One of the most important arterfacts related to the Kennedy presidency to have emerged in recent times, this gold Cartier Tank watch was presented to Jackie Kennedy by her brother-in-law, Prince Stanislaw ‘Stas’ Radziwill, in February 1963.
The watch, which is being offered in Rare Watches and American Icons in New York on 21 June, appears on the First Lady’s wrist in many now iconic photographs. Engraved with the inscription ‘Stas to Jackie, 23 Feb. 1963. 2.05am to 9.35am’, it is a remarkable link not only to the lofty ideals of the ‘Camelot’ presidency, but also to President John F. Kennedy’s unique charisma.
In an article for Sports Illustrated published on 26 December, 1960, John F. Kennedy wrote, ‘The physical vigor of our citizens is one of America’s most precious resources.’ The new president was a keen sportsman, and was eager to use his influence to create a fitter and healthier society. ‘We want a nation of participants in the vigorous life,’ he told the annual Conference on Youth Fitness some 14 months later.
In early 1963, a 1908 memo from President Theodore Roosevelt emerged concerning the speed at which Marines could then be expected to cover 50 miles on foot. The White House publicised the discovery, and before long Americans everywhere were being challenged to hike 50 miles and prove themselves as fit as their forefathers had been.
Although he would not take part personally, JFK organised his own representative 50-mile hike at Palm Beach. The assembly included his brother-in-law, Prince Radziwill, an émigré aristocrat who had escaped from the German invasion of Poland to London at the end of the Second World War, and later married Jackie Kennedy’s sister, Lee; Chuck Spalding an old Harvard friend; and Max Jacobson, a doctor who applied first aid along the route.
According to the memoirs of Clint Hill, Jackie Kennedy’s secret service agent, who also did the hike, Jackie and Lee were driven out to accompany the party on a section of the journey. There were frequent cigarette breaks. Spalding asked for steaks to be sent out to help keep up the walkers’ strength. The Prince requested champagne and orange juice by way of refreshment.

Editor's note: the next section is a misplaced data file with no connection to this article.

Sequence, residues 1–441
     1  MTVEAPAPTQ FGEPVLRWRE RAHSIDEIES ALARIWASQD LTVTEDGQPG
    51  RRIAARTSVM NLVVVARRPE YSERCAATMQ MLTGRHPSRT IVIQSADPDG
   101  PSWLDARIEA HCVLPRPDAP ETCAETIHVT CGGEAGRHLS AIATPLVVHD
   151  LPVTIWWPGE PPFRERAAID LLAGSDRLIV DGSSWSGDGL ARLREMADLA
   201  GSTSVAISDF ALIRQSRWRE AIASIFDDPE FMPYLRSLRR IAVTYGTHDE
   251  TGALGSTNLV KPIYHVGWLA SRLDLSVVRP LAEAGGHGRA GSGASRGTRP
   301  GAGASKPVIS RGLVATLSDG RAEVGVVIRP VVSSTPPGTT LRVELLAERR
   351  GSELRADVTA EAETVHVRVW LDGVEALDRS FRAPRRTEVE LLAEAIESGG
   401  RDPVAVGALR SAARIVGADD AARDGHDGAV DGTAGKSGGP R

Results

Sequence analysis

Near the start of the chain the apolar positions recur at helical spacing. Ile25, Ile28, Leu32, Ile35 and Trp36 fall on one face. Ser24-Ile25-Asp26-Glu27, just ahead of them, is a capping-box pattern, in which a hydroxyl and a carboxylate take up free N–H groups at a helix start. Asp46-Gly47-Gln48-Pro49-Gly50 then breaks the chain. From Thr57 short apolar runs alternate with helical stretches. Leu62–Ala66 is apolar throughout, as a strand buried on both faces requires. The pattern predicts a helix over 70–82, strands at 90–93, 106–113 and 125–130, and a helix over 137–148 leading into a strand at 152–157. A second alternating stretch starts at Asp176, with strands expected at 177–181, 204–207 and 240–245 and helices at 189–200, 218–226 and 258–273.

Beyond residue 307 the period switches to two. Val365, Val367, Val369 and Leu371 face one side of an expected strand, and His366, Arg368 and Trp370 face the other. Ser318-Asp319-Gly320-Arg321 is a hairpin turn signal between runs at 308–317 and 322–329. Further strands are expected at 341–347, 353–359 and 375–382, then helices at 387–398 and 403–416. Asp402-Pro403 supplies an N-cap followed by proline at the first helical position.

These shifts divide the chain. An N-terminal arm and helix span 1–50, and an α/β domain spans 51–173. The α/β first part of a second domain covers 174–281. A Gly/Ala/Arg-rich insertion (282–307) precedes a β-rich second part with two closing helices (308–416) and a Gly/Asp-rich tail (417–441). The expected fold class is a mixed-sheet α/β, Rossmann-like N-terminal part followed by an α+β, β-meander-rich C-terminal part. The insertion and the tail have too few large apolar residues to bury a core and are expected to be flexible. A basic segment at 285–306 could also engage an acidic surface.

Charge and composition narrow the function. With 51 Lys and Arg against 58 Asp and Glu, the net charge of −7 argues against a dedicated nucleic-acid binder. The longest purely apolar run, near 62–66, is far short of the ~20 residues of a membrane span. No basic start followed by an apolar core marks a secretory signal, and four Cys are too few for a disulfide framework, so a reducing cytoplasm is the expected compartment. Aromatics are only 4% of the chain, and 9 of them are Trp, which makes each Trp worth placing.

The President also joined the party along sections of the hike, and it seems to have been a jolly occasion. As such, it was commemorated not only by the Prince’s gift of this watch to Jackie, but also by a painting made by Jackie, which is being offered together with the watch. Featuring portraits of the Prince and Chuck Spalding, it bears the dedication, ‘February 23, 1963 2.05am to 9.35pm / Jackie to Stas with love and admiration’. The walkers accomplished their challenge in a commendable 19 hours and 30 minutes.
Jackie Kennedy’s Cartier Tank (estimate $60,000-80,000) is only one of several watches with compelling provenance being offered in New York. They include pieces that have been owned by socialite and businessman J. J. Astor VI; fashion designer Bill Blass; United States Secretary of the Treasury Joseph Barr; actors Bob Hope (above) and Alan Ladd; and a rectangular stainless-steel Omega Marine wristwatch from 1940 (estimate $5,000-10,000) that was formerly owned by The Duke of Windsor and left to Wallis Simpson upon his death.
A gold Cartier $20 coin watch with an estimate of $50,000-100,000 was a gift from baseball legend Babe Ruth to his friend, the New York gangster Bumpy Johnson — aka the Al Capone of Harlem. Ruth was known to enjoy walking on the wilder side of life from an early age, and during the years of Prohibition mobsters such as Johnson inevitably acquired celebrity associates. The watch, inscribed ‘To Bumpy from Babe, Dec 25th, 1937’, seems likely to have been a Christmas present.
Three watches that belonged to another icon of baseball, Joe DiMaggio, are also being offered on June 21. An Eska $10 coin watch is inscribed ‘Happy 50th Joe, Harrah’s’, and is accompanied by a letter of provenance from DiMaggio’s family. It is offered together with a Relide desk clock that was also owned by DiMaggio.
A white gold Audemars Piguet features the dedication, ‘To Joe from Aaron, Oct. 1962’. And a gold Elgin pocket watch bears the engraved words, ‘Sport’s Champion of the Year from the Editors of Sport Magazine January 1, 1948’ — a token of esteem towards the athlete in commemoration of the 1947 season in which he led the New York Yankees to the World Championship.
Lyndon B. Johnson
Another watch in the sale with a link to the White House was owned by the 36th President of the United States, Lyndon Baines Johnson. With its unusual asymmetrical case design and interesting arrow-shaped numerals, the Hamilton wristwatch with black dial (estimate $15,000-30,000) is readily identifiable in numerous photographs of LBJ taken at various political events — indeed, the watch is accompanied by a booklet featuring the images. The case back is engraved, ‘Presented to Senator Lyndon B. Johnson by the McDowell County Democrats, Welch. V. VA. Oct. 18-58.’